Tuesday, August 20 – Carrollton Manor

by Cam Miller. 0 Comments

(Click any photo to enlarge.)

Please join me on the last day, September 2, for a celebration photo walk!  Registration details are here.

Beautiful Views

My friend Gary is fascinated with the Charles Carroll family.  When he suggested we get together for a walk today, I told him to pick a place I had not yet been, so he saw his chance to introduce me to Carrollton Manor.


According to Wikipedia, “Charles Carroll of Annapolis granted the entire estate to his son, Charles Carroll of Carrollton.
It is from this tract of land that he took his title, ‘Charles Carroll
of Carrollton.’ While Charles Carroll of Carrollton never lived on
Carrollton Manor, he erected a manor house there, Tuscarora, where he spent a few days or weeks at a time.”

The house and the land have undergone many changes throughout the years, with the original 14 room home having been built in 1764.  Seven more rooms were added on, much of the land was sold off, and today, the house is used as a guest retreat for the Alcoa Company.

St. Joseph’s Steeple
St. Joseph’s

We parked at the house, then walked around the grounds.  It is a working farm, with soybeans in the rear and corn in other fields.  Modern improvements have clearly been made to the house, and although one car was there, we did not see anyone around.  There was a picnic table in the back, as well as a stacked woodpile.  The view of another farm across the soybean fields was beautiful.  Tall oak trees graced the front and side yards.

We returned to the car, and Gary said that wherever there was a Carroll home, there was a Catholic church nearby.  This manor home was no exception.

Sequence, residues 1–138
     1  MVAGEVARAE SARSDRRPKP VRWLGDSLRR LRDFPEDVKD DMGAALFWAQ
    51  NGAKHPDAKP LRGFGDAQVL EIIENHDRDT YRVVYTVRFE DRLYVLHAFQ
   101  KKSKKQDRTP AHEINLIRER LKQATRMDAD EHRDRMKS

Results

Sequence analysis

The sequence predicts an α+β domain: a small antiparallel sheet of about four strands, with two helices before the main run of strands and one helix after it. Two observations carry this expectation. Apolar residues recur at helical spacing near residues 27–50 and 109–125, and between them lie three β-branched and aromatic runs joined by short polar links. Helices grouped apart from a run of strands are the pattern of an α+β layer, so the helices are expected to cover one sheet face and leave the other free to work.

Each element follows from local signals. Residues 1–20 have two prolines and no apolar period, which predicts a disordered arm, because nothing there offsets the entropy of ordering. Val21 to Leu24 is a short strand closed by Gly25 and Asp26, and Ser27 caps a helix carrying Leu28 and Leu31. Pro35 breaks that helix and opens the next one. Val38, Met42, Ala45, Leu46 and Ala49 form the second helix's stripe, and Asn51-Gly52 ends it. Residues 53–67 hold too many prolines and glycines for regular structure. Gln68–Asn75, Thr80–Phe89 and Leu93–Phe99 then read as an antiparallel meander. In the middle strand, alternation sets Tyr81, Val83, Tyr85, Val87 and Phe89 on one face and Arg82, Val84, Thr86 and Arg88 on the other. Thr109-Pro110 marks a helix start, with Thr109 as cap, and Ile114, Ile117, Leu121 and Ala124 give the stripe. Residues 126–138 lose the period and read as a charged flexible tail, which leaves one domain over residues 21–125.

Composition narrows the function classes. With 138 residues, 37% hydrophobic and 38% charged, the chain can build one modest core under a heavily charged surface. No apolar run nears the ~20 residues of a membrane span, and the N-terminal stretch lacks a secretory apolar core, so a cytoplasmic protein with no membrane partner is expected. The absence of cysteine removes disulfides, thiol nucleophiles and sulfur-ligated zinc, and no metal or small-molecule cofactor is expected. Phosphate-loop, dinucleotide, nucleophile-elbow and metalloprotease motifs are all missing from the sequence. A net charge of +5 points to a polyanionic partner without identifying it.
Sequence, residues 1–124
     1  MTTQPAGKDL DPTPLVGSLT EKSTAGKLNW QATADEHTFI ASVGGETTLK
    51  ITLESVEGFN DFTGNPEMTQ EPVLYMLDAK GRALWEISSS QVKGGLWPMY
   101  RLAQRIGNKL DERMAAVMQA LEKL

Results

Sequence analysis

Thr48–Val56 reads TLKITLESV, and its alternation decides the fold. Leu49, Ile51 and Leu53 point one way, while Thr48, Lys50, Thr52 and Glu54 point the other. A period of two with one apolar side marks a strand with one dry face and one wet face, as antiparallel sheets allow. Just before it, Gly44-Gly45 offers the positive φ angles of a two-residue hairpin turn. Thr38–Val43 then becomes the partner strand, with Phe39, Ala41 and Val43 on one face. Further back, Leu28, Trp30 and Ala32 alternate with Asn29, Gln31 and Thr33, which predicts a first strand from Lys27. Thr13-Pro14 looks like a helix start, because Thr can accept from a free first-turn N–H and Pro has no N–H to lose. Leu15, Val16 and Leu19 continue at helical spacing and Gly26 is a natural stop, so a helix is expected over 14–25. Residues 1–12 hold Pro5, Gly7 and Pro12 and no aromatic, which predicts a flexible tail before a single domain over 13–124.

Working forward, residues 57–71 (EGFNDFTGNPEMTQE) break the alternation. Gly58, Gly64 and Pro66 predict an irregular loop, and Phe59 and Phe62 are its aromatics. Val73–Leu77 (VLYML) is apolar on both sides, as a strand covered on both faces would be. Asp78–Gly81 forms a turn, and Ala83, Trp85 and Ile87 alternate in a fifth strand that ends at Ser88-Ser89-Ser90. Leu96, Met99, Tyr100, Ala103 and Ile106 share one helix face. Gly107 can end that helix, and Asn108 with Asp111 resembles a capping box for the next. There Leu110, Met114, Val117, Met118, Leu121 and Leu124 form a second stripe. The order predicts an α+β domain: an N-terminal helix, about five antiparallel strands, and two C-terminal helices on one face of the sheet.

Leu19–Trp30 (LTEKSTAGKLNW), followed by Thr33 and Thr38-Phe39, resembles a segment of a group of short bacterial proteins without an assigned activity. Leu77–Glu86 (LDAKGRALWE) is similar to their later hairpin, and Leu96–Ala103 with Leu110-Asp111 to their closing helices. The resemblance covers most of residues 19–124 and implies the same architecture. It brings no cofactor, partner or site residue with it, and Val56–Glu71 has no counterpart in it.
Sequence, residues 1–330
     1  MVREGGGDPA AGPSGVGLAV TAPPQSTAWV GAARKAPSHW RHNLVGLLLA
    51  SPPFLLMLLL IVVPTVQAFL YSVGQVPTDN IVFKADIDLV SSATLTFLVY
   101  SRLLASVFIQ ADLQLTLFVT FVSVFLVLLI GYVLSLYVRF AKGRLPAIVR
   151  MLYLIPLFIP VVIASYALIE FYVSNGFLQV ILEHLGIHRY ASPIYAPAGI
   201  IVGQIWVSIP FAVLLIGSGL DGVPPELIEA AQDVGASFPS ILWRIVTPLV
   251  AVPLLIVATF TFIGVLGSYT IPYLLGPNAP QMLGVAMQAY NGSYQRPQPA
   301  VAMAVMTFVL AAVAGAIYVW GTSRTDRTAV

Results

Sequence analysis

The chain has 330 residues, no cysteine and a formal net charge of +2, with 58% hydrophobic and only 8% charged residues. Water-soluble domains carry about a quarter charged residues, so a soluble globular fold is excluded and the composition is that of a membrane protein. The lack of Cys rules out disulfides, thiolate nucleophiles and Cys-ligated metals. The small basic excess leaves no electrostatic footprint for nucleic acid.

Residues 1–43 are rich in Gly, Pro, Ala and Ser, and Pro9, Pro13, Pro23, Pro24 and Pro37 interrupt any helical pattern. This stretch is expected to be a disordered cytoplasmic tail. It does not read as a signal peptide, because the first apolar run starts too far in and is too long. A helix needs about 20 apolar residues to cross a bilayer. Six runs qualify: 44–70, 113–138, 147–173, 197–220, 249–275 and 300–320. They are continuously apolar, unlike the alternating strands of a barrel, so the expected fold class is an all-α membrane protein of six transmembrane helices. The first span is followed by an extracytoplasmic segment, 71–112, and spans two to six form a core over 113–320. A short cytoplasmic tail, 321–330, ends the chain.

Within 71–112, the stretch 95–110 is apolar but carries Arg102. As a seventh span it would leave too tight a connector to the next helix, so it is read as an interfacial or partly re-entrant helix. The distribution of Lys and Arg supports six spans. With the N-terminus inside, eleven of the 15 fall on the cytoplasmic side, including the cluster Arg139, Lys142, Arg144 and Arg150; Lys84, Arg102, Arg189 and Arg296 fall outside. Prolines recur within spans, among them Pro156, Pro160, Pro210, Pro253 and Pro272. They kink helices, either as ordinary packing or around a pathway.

Church Gate Shadow
Overgrown Graves

Charles Carroll of Carrollton was the only Catholic signer of the Declaration of Independence.  His father, Charles Carroll of Annapolis, was denied participation in Maryland politics because of his religion.  Charles Carroll of Carrollton donated the land in 1819 for St. Joseph’s on Carrollton Manor to be built.  The church we visited today was built in 1871 on the remains of the original 1820 church.

We walked the grounds of St. Joseph’s, spending a lot of time in the graveyard.  It is a very old graveyard, with lots of massive trees and overgrown bushes.  The ground is quite uneven, and some of the old headstones that had fallen flat were practically covered by soil and grass.  There were a few wrought iron enclosures around family plots.

Church Interior
Eternal Flame

Luckily, the church was open, and we were able to take some photographs inside.  The old wooden pews had low backs, with double wooden doors to allow entry into each pew.  The stained glass windows let beautiful light into the dark interior.

Thank you, Gary, for taking me to see an historic place in Frederick County that I had not been before.  I really didn’t think that was possible!


Click on any photo to enlarge it.
Forward me by email any receipt for an online donation made to the Red Cross for
disaster relief, and I will send you a 5×7 print of your choice from
any of my daily photo walks or from my website.  Offer good until
September 2, 2013.

Visit my web site: camscamerashots.zenfolio.com

Follow me on Twitter: @camscamerashots

Email:  cam.miller@comcast.net

Cam’s rules for the Daily Photo Walk:

  1. walk every day
  2. the walk must be in addition to any other planned activity for the day
  3. post a photo every day
  4. use whatever camera is easy and convenient for walking comfortably;
    always have a backup camera at the ready in case of mishaps (I use the
    Nikon Coolpix P7700)
  5. no weather excuses
  6. walk only where it is safe to do so

Leave a Reply